Berdi Kerbabaev: Aĭgytly ădim (Der entscheidende Schritt) [The Decisive Step]
One of the (admittedly relatively few) literary advantages of the separation of the two Germanies was that, at least for those of us who can read German but whose Russian is somewhat basic, the East Germans did manage to translate some books into German, that would otherwise not have been available to non-Russian readers, usually published by Volk und Welt. (It has now disappeared, though the name is owned by Random House!) This one is a case in point. It is not a great work of literature but is nevertheless a fascinating insight into a part of the world most Westerners will never visit, just before and after the Russian Revolution. It follows a standard plot that we have seen in other works from Soviet republics. Young Turkmen, from relatively poor background, has trouble with the rich and powerful but is a fiercely independent young man. He is in love but cannot afford to marry. He befriends a revolutionary Russian and, of course, is on the right side during the revolution.
Our hero is Artyk. His father was a poor peasant but is now dead. Artyk lives with his mother and younger sister. He has to struggle, not least because he feels he is not getting his fair share of water from the communal water system. The system is managed by a man who is elected every year and the current holder of the post (called a mirab) favours his friends, of which Artyk is not one. Artyk is in love with Aina (and his feelings are reciprocated) but he cannot afford to marry her. He also has a rival. Bally, the son of Chalnasar, one of the beys, as the rich men of the village are called, is married but his wife dies on the day of his cousin’s wedding. (Kerbabaev gives an excellent dual portrait of the wedding celebrations and the death of the unfortunate woman, whose husband is indifferent to her plight.) Bally and, more importantly, his parents consider Aina a suitable prospect. Fortunately, her parents do not want her to marry a widower. Unfortunately for Artyk, they do not want her to marry a poor man, either.
The Russians are pushing the Turkmeni to provide resources to help them fight World War I and poor Artyk even has to give up his beloved horse. He considers hobbling it, so that they won’t take it, and even makes a half-hearted attempt to do so but the Russian vets are well aware of these tricks. The Russians (the Turkmeni call them all Boyars) also want large quantities of the special woollen hats the Turkmeni make. Then the Russians decide that, as many of the Turkmeni are exempt from fighting, they have to go and do the labouring work that the fighting men would normally do. This is completely unacceptable to their dignity and there is considerable resistance. Chalnasar offers to fund them in return for a share of the harvest and, naturally, he stands to make a good profit out of this. When Artyk is “selected” for this “voluntary” work by a dubious lottery and he then learns that Aina’s parents have decided to marry her to Bally, things get worse.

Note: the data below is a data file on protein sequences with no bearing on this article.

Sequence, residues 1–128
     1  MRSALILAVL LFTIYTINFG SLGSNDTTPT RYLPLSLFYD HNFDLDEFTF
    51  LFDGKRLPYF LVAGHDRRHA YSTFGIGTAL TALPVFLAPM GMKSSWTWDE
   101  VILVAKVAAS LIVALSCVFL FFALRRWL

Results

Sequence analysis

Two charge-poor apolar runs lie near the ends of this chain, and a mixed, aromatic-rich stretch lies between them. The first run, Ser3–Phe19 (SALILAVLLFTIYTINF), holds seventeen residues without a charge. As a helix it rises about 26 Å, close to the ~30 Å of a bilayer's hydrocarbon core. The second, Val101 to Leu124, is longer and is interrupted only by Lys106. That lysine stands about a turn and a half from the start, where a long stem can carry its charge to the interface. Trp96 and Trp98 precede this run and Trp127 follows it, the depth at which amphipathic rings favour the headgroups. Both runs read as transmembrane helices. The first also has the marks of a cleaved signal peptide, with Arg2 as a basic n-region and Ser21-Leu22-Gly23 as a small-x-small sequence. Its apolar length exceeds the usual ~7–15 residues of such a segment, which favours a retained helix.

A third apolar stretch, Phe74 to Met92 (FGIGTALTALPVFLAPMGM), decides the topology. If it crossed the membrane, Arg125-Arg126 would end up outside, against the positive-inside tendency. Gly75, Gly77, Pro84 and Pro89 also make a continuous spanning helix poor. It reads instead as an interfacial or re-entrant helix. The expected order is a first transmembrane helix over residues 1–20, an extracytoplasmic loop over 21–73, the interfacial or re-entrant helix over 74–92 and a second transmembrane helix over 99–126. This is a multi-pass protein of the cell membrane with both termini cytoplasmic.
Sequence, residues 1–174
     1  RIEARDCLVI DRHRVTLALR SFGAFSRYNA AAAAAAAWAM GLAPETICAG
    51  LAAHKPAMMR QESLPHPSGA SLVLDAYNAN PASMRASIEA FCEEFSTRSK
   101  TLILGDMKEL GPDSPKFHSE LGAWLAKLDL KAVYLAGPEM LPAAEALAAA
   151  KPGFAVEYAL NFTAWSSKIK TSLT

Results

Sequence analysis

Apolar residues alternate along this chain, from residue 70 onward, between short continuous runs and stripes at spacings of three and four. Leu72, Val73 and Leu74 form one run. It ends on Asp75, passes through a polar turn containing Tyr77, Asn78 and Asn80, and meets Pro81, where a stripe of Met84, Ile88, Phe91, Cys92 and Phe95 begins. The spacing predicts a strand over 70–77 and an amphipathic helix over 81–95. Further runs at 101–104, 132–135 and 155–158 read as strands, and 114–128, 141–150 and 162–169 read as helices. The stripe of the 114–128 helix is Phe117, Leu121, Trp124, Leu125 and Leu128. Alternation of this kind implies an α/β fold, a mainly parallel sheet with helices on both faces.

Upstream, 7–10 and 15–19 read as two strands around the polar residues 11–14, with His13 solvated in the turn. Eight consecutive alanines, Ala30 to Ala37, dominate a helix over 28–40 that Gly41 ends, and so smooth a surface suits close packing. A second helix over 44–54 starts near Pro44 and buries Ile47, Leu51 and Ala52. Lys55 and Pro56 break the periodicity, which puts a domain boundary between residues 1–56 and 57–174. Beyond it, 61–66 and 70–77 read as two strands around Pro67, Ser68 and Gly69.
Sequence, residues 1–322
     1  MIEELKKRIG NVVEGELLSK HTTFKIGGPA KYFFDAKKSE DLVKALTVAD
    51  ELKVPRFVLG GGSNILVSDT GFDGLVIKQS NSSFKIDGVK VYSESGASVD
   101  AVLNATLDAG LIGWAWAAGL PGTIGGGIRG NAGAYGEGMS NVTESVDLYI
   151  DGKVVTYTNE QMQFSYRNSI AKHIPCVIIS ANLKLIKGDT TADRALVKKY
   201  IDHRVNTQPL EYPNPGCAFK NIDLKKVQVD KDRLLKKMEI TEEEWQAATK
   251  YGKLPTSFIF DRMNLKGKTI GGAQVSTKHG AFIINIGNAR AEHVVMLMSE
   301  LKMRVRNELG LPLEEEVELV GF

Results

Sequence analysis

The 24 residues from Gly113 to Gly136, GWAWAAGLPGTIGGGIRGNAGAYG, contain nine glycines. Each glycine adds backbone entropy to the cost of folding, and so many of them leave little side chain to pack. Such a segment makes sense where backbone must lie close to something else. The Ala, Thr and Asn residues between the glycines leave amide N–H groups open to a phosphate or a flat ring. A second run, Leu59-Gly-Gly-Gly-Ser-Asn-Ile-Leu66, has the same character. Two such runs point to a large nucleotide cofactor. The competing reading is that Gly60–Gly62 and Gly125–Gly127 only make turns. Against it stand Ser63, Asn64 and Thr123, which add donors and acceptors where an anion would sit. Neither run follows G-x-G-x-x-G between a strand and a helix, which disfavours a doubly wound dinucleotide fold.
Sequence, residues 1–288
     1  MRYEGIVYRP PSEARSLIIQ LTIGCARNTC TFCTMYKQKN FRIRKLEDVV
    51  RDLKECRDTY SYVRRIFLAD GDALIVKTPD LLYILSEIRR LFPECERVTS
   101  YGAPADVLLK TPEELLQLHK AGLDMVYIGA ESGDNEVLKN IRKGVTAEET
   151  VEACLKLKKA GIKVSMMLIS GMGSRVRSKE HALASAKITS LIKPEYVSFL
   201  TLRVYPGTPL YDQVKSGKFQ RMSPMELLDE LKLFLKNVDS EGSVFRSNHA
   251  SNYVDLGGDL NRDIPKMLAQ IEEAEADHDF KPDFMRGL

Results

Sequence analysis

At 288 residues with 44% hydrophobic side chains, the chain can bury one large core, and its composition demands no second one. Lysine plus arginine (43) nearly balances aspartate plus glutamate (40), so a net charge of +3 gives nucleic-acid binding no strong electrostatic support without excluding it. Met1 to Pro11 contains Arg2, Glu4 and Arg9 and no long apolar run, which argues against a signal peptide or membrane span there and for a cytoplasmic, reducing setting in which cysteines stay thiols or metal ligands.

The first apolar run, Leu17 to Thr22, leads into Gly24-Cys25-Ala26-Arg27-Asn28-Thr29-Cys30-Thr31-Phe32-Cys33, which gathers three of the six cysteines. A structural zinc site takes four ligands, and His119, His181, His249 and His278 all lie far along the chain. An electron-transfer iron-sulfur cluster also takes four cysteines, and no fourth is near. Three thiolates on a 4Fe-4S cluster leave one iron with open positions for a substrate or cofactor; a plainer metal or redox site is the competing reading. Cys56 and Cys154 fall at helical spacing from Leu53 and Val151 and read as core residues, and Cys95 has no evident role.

Of course, we know that the Russian Revolution is about to take place. There is an uprising in 1916, in which Artyk is involved with his Russian friends and we gradually move towards the Revolution with the fairly standard approach of the oppressed but fearless workers and peasants standing up to the evil capitalists and Russian oppressors. The story takes us through the post-Revolution Civil War, in which Artyk is involved. It is not great literature but an interesting read, seeing what happened in Turkmenistan before, during and immediately after the Russian Revolution. Artyk is not your typical Soviet saint, as he has his faults. He is impetuous and hot-headed, which gets him into a lot of trouble but he is devoted and loyal to Aina, his mother and sister and his friends, as well as to his fellow peasants and is not afraid of standing up for what he sees is right. The chances of this book ever being translated into English are probably nil, so, sadly, unless you read German or Russian, you will not be able to read it.
First published by Turkmenistan dȯvlet neshiriaty in 1947
No English translation
First published in German as Der entscheidende Schritt in 1952 by Volk und Welt
Translated by Walter Phillip